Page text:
Tuesday, February 23, 2010

It takes courage to be an artist sometimes

So today I had a very interesting experience....

A few days ago a friend of mine from Northern Virginia called me to ask if I would be able/willing to help him out with a class he is teaching.  The class is meant to empower girls.  He thought it would be cool if he would interview me about my art since my work is all about empowering people to love their bodies.  When he told the powers that be which people he was planning to have as guests for his class, they looked at the info, looked at our websites, etc., and told him that it wouldn't work for him to interview me.  As he phrased it, "they decided me bringing up the topic of anything that might include nudity was itching for problems."

That makes me SOOOOOOOOOOOOOOOOOO curious!  What is it about nudity that is problematic?

I recognize some people will look at me like I just asked what's wrong with shooting the president?  Duh - it's wrong!  bad!  not done!  will get you in trouble! 

But nudity?  I truly don't understand what is wrong with it.

Are people afraid their children will go out and start having rampant sex because they've seen breasts and pubic hair in a painting?  Do they equate nudity with pornography?  I'd love to hear your ideas about why you think people are so hesitant to have their children see naked bodies, especially if they're painted respectfully.

An adult art student of mine told me that her brother refused to take his 16-year-old daughter into the National Gallery of Art in Washington, DC, because he didn't want her to see the nudes in there. 

I love the ending to that story, though - a couple of years later, this same daughter won an art competition and a trip to Paris by painting a picture of herself and her boyfriend nude from the waist up!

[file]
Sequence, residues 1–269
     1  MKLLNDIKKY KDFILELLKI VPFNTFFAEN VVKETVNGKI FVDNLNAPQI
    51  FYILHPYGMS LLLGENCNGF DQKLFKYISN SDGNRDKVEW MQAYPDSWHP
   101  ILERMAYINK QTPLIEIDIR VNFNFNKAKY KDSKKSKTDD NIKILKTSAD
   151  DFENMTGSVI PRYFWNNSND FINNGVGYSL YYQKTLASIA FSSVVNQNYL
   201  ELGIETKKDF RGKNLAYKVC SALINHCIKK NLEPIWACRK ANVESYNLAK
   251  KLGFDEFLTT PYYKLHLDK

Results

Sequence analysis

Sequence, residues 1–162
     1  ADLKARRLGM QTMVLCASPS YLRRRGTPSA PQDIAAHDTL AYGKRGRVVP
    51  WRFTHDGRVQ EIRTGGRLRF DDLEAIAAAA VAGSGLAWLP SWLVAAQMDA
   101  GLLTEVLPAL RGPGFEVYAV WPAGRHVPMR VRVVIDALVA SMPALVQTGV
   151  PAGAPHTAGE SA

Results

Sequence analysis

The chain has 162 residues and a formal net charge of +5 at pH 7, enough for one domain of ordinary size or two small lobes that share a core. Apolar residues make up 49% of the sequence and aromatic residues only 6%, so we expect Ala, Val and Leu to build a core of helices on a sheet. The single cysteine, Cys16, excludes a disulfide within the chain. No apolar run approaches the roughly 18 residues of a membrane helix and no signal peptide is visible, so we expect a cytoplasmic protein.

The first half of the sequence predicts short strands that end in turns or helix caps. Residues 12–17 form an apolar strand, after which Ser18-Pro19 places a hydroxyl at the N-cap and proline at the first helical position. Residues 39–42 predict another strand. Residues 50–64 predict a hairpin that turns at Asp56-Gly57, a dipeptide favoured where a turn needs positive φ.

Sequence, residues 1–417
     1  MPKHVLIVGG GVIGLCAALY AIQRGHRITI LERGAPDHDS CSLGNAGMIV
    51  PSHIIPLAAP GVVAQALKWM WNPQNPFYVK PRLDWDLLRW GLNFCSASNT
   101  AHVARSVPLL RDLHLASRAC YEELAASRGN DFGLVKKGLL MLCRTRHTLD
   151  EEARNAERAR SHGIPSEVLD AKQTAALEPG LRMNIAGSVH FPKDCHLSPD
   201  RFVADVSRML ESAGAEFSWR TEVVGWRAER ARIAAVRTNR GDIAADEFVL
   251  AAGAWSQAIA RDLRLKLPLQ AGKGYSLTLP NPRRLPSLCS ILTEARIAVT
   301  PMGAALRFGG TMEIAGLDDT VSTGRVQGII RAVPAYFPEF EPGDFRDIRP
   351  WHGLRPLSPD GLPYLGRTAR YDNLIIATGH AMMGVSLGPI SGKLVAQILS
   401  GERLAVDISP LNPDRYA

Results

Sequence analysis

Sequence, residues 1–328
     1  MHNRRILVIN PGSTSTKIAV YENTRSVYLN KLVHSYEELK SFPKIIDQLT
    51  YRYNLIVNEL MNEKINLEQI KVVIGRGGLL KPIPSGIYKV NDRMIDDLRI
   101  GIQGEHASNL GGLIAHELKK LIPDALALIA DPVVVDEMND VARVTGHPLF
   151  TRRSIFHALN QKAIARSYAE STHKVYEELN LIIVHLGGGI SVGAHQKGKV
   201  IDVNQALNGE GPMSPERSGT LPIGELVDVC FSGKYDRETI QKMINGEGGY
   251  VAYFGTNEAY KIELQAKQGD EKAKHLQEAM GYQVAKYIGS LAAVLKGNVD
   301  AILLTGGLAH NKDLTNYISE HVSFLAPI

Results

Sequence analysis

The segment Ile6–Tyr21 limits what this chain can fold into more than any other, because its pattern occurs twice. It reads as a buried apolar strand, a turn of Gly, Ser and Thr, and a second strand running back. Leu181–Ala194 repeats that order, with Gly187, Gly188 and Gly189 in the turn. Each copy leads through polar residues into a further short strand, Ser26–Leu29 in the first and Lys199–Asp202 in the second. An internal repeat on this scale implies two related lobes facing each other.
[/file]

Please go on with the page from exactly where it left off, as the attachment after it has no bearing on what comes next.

Go figure!

Perhaps it is our desire as a nation to control nudity that makes people so darn excited to see it.


1 comment:

  1. Susan, I wish I knew. As a public school art teacher in the 80s and 90s, I actually had to put pants on David on the timeline I was to display in my classroom. Honestly. I just refused to display the timeline. A PHOTO of a SCULPTURE of a nude man....for real? Then there was the Georgia O’Keefe controversy. Our PTA sponsored every year (for a short while - you’ll see why...) a display honoring a famous artist for Youth Art Month. The PTA president that year chose O’Keefe, much to my delight. Next thing I know that president is talking to me about censorship, so I meet with my principal who relayed to me that there were complaints that the children were discussing that one of the floral images looked too much like “female body parts,” and the girls were embarrassed, the boys teasing, etc. Really? As it turned out, no. Days after my discussion and vehement support of the display and O’Keefe’s work I found out it was actually our (pardon my labeling someone) right-wing, fundamentalist part-time guidance counselor who was having issues. AND SHE LIED in order to have the image removed. (that one floored me more than the censorship.) Ending to the story?
    In protest, but with respect for my principal, I agreed to abide with his decision. He found the entire episode silly, yet as principal felt obliged to remove the offending print in order to not give the issue a larger audience. The PTA president took down the ENTIRE display in disgust, I was given the prints as a gift and that was the end of any further celebration of YAM with that PTA.

    Shyness and modesty are one thing. Fear of nakedness is such another. We ALL have a body. It is the most amazing gift we get and functions in such fascinating ways. Such power the naked body holds, if someone can look at a floral painting by Georgia O’Keefe and feel threatened.